The XML Level Editor (AKA Platypus Editor) was developed in parallel with A Platypus Tale by myself and another programmer on the team.
This project was important for several reasons. First – it was something to show to the professors while the game framework was being developed (at a time when we had nothing to “show” besides the code itself). Second, it forced us to sit down and make some decisions about the layout and rendering. We decided on a system of game layers (9, to be exact). The ordering of the layers provided a z-index, e.g. closer layers are drawn last (that is, on top of) farther layers to give the game the illusion of depth. The farthest back layer – the background – would also scroll at a different speed than the foreground layers to add a parallax effect.
The main character sprite (Cooper) would be drawn in the “physical” layer – and thus would only interact with other objects in the physical layer. This split collision checking into two types – rectangular for (most of the) terrain (more on that later) and pixel-perfect for physical objects. Many of the layers were simply decoration to give the environment a more immersive feel.
Here is a screenshot of the editor in action. I’ve created a small level using an early version of the game assets:
WPF was a good choice for such a project. With WPF, many of the things we needed to do were already supported, and didn’t require anything fancy or some roundabout method. Take for example the listbox on the right, which required a custom list item comprised of an image box and text field displaying the tile size of the object. This is very easily accomplished using the WPF XML-style layout. Also, the ability to easily tie the slider to the zoom of the level area was invaluable – just a couple lines of code to implement, and the productivity of the level designers increased dramatically!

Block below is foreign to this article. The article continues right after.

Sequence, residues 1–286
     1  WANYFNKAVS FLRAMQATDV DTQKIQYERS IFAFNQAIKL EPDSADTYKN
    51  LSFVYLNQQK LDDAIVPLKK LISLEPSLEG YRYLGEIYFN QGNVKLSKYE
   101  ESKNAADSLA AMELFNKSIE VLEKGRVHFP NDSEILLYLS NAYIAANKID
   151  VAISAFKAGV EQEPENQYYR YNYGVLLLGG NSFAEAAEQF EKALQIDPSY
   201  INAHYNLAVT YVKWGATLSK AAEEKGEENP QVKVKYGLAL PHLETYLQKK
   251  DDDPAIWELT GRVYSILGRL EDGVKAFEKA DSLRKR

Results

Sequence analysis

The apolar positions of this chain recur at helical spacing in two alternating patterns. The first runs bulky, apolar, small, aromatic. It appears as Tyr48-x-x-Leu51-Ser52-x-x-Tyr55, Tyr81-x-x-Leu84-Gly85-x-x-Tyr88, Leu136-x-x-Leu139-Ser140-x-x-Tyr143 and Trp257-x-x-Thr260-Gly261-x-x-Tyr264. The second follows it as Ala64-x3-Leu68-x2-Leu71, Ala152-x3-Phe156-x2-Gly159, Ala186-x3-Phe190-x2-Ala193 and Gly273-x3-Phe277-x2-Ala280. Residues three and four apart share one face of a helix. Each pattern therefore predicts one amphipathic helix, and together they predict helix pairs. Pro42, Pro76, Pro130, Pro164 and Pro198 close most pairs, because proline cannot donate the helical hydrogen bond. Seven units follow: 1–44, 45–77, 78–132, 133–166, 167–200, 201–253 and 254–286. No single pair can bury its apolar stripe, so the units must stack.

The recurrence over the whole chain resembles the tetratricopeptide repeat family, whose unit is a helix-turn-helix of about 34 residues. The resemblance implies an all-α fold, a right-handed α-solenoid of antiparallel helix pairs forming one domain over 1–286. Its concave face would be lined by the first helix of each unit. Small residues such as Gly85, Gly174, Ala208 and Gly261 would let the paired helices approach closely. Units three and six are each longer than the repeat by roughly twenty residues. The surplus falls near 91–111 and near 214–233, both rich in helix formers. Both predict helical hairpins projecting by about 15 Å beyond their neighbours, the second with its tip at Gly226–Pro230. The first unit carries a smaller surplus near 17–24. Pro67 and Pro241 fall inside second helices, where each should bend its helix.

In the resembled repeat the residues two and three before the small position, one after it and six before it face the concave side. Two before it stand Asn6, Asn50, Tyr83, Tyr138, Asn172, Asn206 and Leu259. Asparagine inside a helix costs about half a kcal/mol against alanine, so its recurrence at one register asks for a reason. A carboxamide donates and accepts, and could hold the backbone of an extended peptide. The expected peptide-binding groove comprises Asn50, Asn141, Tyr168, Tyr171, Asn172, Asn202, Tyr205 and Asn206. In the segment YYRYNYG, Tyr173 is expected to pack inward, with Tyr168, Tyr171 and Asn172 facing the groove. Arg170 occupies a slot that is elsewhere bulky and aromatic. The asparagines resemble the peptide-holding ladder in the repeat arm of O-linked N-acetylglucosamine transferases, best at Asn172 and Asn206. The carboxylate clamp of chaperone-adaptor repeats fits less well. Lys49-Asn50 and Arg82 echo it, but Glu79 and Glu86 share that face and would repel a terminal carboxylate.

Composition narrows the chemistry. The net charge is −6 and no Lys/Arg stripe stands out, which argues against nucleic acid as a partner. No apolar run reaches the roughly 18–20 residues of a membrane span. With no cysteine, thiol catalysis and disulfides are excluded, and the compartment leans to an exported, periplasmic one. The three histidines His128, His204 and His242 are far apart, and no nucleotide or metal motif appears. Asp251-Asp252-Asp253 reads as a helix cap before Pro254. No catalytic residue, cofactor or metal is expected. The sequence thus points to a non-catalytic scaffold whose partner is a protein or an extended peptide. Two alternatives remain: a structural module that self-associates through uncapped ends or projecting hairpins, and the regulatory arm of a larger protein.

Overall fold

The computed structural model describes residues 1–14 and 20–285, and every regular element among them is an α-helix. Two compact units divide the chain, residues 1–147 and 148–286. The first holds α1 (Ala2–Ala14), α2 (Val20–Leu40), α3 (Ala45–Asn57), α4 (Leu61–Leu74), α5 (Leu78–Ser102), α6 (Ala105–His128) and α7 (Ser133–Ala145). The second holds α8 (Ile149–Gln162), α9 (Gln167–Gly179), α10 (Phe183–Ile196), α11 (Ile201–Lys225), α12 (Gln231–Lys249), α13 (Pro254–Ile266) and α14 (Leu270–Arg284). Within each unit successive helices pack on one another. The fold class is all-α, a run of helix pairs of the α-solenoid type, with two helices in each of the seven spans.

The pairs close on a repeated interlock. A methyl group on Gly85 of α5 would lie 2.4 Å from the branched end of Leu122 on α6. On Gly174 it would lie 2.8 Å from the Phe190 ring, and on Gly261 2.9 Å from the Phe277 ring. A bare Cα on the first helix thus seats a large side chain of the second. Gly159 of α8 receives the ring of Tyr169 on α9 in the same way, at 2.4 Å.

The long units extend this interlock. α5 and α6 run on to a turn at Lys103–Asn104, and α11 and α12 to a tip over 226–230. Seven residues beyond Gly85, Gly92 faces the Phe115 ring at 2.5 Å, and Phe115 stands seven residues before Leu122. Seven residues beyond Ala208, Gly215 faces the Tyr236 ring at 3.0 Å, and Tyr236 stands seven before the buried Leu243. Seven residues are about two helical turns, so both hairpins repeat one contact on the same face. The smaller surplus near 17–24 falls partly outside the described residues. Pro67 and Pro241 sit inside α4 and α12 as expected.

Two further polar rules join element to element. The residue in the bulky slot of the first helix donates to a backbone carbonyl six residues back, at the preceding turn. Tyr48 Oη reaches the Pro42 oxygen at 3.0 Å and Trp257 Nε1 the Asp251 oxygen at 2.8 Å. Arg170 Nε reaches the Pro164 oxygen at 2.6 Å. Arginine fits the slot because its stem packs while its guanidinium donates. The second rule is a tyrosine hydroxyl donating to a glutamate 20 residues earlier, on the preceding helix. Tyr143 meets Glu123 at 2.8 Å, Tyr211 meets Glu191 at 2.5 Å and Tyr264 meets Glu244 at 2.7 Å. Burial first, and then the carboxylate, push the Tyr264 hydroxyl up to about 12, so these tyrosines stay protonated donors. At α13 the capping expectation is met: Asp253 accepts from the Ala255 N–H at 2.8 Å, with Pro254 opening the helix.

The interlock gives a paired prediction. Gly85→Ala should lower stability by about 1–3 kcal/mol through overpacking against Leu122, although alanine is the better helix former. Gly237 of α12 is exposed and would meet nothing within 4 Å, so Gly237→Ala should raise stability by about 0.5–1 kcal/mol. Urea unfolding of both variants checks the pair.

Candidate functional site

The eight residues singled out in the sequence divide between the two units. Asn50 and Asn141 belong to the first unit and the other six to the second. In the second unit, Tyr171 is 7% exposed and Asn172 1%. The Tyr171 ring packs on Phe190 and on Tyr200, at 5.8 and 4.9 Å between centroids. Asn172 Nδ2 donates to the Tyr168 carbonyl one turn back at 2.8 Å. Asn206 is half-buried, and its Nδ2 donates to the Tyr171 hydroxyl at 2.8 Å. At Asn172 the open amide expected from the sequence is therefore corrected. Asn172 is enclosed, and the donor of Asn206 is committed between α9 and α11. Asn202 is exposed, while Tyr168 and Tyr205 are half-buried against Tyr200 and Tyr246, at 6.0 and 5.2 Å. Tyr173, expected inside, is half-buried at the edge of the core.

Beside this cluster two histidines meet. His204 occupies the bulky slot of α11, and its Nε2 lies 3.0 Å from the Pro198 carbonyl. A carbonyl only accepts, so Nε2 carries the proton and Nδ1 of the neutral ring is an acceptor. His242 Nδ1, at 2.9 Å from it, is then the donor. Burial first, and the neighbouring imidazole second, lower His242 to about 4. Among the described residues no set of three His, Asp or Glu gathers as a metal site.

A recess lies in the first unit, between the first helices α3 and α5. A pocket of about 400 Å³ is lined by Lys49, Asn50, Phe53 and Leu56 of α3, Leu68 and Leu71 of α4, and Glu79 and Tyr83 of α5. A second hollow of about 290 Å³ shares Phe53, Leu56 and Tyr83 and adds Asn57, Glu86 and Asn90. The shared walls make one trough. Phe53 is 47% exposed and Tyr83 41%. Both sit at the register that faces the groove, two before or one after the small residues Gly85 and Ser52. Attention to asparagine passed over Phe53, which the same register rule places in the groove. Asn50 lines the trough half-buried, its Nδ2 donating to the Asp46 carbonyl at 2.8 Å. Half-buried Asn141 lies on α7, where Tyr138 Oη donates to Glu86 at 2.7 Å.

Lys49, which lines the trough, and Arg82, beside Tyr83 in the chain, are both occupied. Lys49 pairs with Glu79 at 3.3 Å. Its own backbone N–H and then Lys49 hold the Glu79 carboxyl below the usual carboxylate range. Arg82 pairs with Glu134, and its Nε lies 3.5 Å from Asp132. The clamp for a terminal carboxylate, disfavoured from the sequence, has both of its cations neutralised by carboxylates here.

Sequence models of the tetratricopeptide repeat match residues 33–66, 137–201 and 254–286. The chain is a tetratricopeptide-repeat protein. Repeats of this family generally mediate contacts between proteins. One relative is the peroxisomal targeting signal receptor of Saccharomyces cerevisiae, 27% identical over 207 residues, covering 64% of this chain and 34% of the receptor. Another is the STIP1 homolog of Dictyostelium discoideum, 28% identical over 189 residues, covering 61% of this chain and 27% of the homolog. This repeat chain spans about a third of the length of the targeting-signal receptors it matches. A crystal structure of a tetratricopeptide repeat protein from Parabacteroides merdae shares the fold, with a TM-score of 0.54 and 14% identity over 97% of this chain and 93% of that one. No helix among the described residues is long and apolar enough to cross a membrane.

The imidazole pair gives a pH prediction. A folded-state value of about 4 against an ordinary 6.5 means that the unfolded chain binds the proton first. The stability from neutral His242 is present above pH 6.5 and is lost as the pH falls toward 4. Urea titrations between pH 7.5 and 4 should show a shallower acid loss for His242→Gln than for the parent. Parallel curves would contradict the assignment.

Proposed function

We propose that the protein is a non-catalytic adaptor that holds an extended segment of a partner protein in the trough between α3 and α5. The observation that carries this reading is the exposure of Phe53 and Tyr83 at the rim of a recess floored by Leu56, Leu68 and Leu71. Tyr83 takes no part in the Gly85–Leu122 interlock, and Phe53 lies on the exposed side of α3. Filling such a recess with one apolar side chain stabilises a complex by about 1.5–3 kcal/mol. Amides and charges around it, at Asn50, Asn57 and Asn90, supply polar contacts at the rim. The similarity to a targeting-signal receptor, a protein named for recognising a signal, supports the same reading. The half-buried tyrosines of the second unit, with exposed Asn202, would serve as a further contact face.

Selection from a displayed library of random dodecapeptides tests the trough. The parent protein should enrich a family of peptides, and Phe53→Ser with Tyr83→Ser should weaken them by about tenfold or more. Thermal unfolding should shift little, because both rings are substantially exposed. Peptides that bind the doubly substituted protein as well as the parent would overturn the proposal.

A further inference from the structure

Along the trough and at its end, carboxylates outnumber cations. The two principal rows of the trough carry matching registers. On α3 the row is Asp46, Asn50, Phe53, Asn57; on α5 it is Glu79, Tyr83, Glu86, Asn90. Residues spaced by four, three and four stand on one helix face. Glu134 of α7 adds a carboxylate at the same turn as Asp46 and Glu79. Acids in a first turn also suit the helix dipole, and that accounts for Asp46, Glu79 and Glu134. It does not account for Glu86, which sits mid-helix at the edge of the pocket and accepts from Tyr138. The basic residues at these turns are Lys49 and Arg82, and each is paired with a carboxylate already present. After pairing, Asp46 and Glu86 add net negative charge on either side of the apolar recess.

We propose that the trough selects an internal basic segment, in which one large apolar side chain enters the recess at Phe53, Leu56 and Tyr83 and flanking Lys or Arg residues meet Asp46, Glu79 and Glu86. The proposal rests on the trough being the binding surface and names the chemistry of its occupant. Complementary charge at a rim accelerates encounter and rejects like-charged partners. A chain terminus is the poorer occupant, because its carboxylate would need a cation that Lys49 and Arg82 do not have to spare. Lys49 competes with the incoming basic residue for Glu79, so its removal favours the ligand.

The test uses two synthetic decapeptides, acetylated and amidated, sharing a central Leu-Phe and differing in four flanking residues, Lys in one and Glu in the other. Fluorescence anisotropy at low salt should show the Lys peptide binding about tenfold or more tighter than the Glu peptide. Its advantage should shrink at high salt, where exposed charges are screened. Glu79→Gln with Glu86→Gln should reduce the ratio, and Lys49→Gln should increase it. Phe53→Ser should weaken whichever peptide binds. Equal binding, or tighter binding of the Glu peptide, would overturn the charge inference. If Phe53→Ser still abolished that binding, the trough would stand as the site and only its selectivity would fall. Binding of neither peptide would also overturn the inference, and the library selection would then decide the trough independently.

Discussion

The listbox/tab area on the right is completely dynamic. That is, whatever subfolders are located within the ASSETS directory will be used as the tabs (and folder names will be used as tab titles). Whatever images are in the subfolders are then used to generate the list items. That way, we didn’t have to touch the editor code every time the artists revised a game asset.
The tabs are tied to specific layers in the game level grid. Selecting a tab doubles as selecting the current layer, and the designer can only add to, or erase from the currently selected layer.
Each time an asset is added, the game world object is updated to include a 64×64 pixel partition of the original image, and if the partitioned images do not already exist in the special folder “GeneratedAssets”, the image is cut into tile sizes and named with a numerical suffix to indicate with portion of the original image it came from (e.g. image_0_0, image_0_1).
Finally, what would the level editor be without the ability to save, load, or merge levels? The XML format is simple, consisting of a root element and 9 layer sections. Within these are tiles, which indicate the coordinate, and which generated asset belongs in that spot. For example,
<?xml version="1.0" encoding="utf-8"?><root> <Layer LayerNumber="1" xSize="64" ySize="64"> <Tile Coordinate="8,48">Decoration-hugecrystal_0_1.png</Tile> <Tile Coordinate="8,49">Decoration-hugecrystal_0_0.png</Tile> <Tile Coordinate="9,48">Decoration-hugecrystal_1_1.png</Tile> <Tile Coordinate="9,49">Decoration-hugecrystal_1_0.png</Tile>
Each “page” in the editor provides a square of 64×64 tiles. So, if a designer wishes to make a wider level (i.e. 256 tiles wide by 64 tiles high), they may use the Merge feature, which iteratively joins and re-numbers coordinates with respect to the full map.
Check out some Merged levels below – fully zoomed out, cropped, and glued together with some Photoshop magic. (Note: these omit the background image, as the backgrounds do not stretch, but rather scroll more slowly than the foreground).
It’s interesting – many of the maps turned out to look like tree branches, which seems appropriate, as levels 1, 2, and 3 take place in a forest!